The nature of heartbreak

If I make a list of all the times my heart has been broken over the years, the one thing in common to all of them is that I really didn't have any control over the outcome, my perceptions to the contrary notwithstanding. When I control my own fate and the outcome is negative, my emotions are 3 parts anger, 1 part disappointment. It's on me, and it can be empowering. When I entrust my happiness to the actions or decisions of others, that is called hope, or faith, and that is the setup for heartbreak, a helpless sort of failure which is aggravating in its victimization.
Last night, after the final out, I went out and drove to McDonalds where I picked up a milkshake and fries combo at the drive-thru window. Against doctor's orders, I had solid food. Comfort food.
I knew going into the last part of the regular season that the Cubs weren't as good as some people were making them out to be, but when they made the playoffs, and when they made it past the Braves, and when especially when they went up 3 games to 1 on the Marlins, I gave myself freedom to dream for just a bit. Ah, we never learn, do we?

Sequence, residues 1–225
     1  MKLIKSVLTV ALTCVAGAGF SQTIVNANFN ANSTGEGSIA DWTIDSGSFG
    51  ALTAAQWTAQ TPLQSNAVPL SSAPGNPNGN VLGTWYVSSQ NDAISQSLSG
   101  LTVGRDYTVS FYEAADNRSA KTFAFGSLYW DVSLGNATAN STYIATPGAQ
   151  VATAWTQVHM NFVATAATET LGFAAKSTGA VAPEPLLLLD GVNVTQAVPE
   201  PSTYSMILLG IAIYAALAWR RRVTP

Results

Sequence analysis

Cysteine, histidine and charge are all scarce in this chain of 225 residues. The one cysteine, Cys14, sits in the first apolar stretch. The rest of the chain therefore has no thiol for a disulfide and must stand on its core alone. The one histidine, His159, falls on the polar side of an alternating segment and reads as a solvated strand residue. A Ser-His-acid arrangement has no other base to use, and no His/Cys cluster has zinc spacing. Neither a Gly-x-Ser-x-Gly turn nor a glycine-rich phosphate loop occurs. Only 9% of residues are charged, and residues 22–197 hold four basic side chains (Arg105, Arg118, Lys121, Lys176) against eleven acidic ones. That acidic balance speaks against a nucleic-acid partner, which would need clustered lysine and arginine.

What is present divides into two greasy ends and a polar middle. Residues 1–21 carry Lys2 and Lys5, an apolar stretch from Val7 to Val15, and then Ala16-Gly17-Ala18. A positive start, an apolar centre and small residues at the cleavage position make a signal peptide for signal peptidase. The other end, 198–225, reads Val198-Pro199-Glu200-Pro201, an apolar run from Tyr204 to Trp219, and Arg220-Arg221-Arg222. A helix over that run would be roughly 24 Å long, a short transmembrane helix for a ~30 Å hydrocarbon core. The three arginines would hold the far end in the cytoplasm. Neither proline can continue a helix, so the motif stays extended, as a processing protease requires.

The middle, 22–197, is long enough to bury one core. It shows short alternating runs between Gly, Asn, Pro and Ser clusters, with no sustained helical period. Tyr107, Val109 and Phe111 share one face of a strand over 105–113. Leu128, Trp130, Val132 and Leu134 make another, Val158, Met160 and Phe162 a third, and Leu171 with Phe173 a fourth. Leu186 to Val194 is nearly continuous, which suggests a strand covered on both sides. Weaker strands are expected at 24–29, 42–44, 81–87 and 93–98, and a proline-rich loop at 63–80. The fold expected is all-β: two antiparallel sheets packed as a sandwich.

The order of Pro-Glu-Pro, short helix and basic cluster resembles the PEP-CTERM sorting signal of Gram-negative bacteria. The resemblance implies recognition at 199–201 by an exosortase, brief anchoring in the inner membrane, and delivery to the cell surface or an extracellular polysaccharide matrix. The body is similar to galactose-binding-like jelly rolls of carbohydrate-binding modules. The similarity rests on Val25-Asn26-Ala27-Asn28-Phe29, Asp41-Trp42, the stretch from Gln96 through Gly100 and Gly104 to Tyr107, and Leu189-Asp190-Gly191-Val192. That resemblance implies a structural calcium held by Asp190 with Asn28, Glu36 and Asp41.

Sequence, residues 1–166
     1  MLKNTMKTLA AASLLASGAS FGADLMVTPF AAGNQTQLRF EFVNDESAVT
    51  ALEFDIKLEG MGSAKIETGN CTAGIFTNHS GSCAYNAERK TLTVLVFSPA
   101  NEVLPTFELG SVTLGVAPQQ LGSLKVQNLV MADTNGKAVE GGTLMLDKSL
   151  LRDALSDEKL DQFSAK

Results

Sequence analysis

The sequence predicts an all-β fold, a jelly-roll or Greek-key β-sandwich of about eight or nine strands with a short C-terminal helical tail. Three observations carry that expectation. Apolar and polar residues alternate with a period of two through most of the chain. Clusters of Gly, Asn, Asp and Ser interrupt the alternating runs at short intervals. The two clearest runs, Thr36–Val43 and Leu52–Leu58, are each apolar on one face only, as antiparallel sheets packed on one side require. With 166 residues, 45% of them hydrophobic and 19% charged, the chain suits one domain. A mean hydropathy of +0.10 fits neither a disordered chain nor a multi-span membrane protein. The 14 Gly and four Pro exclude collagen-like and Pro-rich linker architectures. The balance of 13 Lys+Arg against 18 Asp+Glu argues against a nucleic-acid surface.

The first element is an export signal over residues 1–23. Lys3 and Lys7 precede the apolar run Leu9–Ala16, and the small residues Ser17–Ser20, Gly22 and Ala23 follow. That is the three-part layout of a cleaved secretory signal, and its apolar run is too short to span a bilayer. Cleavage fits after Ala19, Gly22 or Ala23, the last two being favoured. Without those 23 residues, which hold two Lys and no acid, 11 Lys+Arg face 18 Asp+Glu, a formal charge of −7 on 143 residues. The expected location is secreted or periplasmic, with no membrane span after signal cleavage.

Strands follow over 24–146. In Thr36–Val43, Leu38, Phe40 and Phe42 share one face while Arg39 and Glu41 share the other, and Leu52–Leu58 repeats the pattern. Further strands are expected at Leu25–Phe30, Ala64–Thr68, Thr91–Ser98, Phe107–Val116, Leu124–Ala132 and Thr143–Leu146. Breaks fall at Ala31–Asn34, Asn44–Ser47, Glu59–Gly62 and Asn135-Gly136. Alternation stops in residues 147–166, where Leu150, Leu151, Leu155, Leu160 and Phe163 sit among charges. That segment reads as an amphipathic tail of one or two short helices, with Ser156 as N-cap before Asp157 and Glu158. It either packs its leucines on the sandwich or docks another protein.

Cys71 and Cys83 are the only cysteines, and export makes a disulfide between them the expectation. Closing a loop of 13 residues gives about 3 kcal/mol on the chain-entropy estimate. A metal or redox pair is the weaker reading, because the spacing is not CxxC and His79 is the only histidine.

The Cubs were outplayed by the better team. They were outhit. Miguel Cabrera proved to be a fearless hitting prodigy, and Marlins in general took the best Cubs fastballs and breaking balls and turned them around. How many times with two strikes did Pudge or Castillo or Pierre or Cabrera fight of high 90's fastballs, fouling them off over and over, and then turn a hanging slider or mislocated fastball into a base hit? One piece of solace I take from this series is that I presciently signed Miguel Cabrera in my fantasy roster league this year for $3.00 and can renew him next year at $6.00. He's going to be a star the same way FRod blossomed into one in last year's World Series for the Angels.
Meanwhile, the Cubs hitters were all or nothing. The Cubs aren't fast, don't walk a lot, so they depend on the long ball. When they are mashing, as they did earlier in this series, it's exciting stuff, especially for the ball-hawkers on Waveland. But when they aren't hitting the ball out, they're grounding into double plays or striking out. With the exception of Lofton, the Cubs can't manufacture any runs. Ironically, coming back to the cold weather in Wrigley may have hurt the Cubbies. They hit plenty of long drives to center and right in game seven that seemed to die in the cold air.